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Disadvantages of drug production in Africa
  • Disadvantages of drug production in Africa

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Valentina Jovanovski
in Toronto, Canada

Africa accounts for 75 per cent of the world’s HIV/AIDS cases and 90 per cent of deaths from malaria. To address these health crises, more and more African countries are considering upping local drug production with the hope of improving access to medicine for their people. And this is a laudable idea — why shouldn’t the drugs used to treat these and other illnesses be produced in the region where they are most needed?
I agree that local production of medicines could be a good thing for many reasons. It would increase access to healthcare, reduce dependency on suppliers from abroad and would generate social and economic benefits for developing countries through investments in the pharmaceutical industry.
But while these considerations remain important, they may not actually help put drugs in the hands of those who need them most, according to speakers at a conference held by the Society for the Advancement of Science in Africa last week in Toronto, Canada.
There are several obstacles to increasing pharmaceutical production on the African continent, says Alain Fymat, founder of the International Institute of Medicine and Science, a private research and education institute headquartered in California, who spoke at the conference.
“Improving access to good, safe and affordable drugs is not just about local production,” said Fymat. “Of course, countries want to create industries to provide medicines for their people, but the cost should not be higher prices and lower quality.”
Fymat listed some reasons why local production may not be suitable for Africa in the short-term. For example, the World Health Organization awards manufacturers’ qualifications to drug producers, which many international donors require before agreeing to provide support. But obtaining this is costly.
Production costs for African companies would also be high, as many ingredients and most of the machinery needed to produce drugs would have to be imported. These costs would be passed on to the consumer, making locally produced drugs potentially more expensive.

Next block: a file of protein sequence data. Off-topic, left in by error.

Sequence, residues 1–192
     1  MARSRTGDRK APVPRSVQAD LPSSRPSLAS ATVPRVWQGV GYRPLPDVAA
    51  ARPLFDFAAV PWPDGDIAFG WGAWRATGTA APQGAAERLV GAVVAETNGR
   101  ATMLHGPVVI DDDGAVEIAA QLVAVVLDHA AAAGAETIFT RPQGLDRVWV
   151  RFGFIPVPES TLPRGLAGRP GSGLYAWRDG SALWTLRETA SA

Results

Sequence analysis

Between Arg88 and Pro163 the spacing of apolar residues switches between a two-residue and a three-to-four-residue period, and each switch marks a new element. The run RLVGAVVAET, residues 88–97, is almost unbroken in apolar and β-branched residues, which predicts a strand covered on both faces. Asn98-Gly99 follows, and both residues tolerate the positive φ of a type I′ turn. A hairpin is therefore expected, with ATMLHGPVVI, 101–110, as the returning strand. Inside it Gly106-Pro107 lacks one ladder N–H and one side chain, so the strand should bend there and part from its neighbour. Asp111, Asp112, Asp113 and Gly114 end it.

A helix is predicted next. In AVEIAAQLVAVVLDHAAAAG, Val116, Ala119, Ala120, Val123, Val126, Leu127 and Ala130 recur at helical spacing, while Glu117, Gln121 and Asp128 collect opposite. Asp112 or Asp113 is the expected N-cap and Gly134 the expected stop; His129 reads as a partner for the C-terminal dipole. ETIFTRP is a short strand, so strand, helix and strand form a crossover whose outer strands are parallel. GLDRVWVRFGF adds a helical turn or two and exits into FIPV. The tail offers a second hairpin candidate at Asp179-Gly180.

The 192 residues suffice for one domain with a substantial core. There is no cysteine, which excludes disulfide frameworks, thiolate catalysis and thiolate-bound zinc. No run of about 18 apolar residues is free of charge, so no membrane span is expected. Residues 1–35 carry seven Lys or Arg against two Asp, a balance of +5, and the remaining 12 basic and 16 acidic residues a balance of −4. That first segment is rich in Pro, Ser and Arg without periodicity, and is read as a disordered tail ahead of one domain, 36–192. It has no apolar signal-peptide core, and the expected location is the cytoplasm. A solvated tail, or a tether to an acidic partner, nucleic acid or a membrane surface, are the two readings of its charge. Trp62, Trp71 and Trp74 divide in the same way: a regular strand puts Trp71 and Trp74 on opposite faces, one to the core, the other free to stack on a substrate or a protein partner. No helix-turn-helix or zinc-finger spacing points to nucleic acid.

Countries want to create industries to provide medicines for their people, but the cost should not be higher prices and lower quality.

Alain Fymat, International Institute of Medicine and Science

Competing with the large international pharmaceutical companies, including those in China and India, would pose an additional challenge. Africa produced only 2 per cent of the world’s pharmaceuticals in 2011, according to Fymat. The continent would have a steep hill to climb in order to be competitive.

But Sam Lanfranco, an economist and professor emeritus at Toronto’s York University, pointed out that there are also international issues that work to Africa’s disadvantage in drug production. He told the event that international agreements like the Trans-Pacific Partnership, which is currently under negotiation between Pacific Rim countries, restrict generic drug production under the guise of protecting intellectual property.
Such trade treaties will make it more difficult for poor nations to produce generic drugs, even though the least developed countries are supposed to be exempt from patent laws, he said. This shows how international politics are also holding African countries back from being more competitive.
Local drug manufacturing in Africa can actually inhibit access, the conference heard, and this means that the economic and political fallout from such a strategy will have to be carefully thought through before large investments are made into the continent’s budding pharmaceutical industry.
“From a public health point of view, it does not matter where drugs come from as long as they are safe, of good quality and affordable,” said Fymat.
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